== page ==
flying car

Geely now owns a flying car startup it promises flying car by 2019


Those reports from the summer that Volvo’s parent company had snapped up flying automotive startup Terrafugia? They were true. Geely has formally completed its acquisition of Terrafugia, turning it into a fully-owned subsidiary of the Chinese automotive large. Terrafugia can be based on us and can continue to work with flying cars, but it’ll have Geely’s deep pockets and automotive experience to back it up. it is also taking over a new board of directors that includes a mix of veteran Terrafugia backers, Geely execs and Bell Helicopter’s managing director for China.


Terrafugia is fast to handle concerns that this might hurt the U.S. economy, but slightly. It received the green light from the Committee on Foreign Investment in u.s. and says it “tripled” its engineer count to almost a hundred in anticipation of Geely’s cash. Terrafugia won’t be US-owned, but it will contribute to the work force.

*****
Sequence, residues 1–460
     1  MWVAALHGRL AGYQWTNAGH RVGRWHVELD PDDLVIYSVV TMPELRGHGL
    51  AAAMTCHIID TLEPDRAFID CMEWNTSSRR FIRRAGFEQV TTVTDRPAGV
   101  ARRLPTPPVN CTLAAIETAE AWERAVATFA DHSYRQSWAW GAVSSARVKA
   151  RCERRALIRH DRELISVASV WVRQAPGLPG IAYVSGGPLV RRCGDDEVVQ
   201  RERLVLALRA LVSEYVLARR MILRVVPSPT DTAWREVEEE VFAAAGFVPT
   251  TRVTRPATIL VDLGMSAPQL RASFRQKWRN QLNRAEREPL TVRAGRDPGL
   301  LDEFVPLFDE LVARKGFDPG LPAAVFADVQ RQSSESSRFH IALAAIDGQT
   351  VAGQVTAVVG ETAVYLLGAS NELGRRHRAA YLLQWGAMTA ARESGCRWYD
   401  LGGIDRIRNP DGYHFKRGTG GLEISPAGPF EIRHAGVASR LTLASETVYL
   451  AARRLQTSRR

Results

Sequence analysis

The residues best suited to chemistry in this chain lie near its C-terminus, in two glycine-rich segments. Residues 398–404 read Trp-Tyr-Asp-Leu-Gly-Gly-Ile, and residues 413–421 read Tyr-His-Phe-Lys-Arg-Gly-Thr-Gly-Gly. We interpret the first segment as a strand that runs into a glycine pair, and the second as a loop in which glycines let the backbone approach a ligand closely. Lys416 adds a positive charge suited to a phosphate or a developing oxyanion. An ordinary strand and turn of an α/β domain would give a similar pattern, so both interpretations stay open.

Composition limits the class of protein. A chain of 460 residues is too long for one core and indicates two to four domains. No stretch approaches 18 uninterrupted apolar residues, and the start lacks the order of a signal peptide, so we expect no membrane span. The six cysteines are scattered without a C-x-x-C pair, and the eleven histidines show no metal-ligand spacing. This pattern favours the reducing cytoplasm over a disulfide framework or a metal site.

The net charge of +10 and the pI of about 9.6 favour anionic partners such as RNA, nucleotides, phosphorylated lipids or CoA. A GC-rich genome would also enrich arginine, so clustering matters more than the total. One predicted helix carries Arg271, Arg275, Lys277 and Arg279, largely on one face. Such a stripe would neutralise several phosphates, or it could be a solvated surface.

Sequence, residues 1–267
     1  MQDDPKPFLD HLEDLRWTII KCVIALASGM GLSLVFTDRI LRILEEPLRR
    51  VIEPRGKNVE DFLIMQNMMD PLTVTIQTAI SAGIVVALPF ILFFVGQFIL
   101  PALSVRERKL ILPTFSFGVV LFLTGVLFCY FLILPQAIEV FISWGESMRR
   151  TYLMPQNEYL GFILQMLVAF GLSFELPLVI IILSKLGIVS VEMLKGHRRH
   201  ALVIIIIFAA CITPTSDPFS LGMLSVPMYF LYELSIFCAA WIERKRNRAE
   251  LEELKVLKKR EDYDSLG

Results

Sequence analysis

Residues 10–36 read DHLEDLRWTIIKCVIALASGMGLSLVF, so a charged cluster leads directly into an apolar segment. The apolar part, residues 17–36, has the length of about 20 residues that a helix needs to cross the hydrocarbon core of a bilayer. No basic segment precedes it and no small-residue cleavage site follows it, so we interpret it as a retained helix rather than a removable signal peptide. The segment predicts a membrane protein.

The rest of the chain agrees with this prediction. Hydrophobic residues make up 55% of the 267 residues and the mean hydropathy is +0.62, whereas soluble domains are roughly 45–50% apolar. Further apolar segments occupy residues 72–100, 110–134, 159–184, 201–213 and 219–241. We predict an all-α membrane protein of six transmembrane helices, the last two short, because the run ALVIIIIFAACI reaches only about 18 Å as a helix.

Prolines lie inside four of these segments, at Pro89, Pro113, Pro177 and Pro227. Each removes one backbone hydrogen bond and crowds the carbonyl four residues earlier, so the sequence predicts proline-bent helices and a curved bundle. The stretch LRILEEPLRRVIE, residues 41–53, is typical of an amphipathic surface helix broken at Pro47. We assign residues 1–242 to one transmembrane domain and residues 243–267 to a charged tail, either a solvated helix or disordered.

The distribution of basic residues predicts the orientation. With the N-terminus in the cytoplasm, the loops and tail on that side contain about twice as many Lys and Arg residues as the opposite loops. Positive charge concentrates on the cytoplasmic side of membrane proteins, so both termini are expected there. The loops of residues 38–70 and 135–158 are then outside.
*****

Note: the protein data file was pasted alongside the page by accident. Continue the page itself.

The real question is whether or not this can provide Terrafugia the spark it wants. the company promises to own its 1st flying car on the market in 2019, and its electric TF-X vehicle (above) ought to be ready by 2023. However, the company’s efforts are stuck in a seeming limbo: we’ve been talking regarding its Transition aircraft for years. Geely’s funding and know-how could finally turn those promises into a reality, but it’s far from guaranteed. Also, there is the not-so-small matter of building a marketplace for flying cars. Right now, they are mostly sci-fi fantasies that few folks will justify, let alone afford. you will be more likely to see taxi drones than piloted hybrid vehicles.



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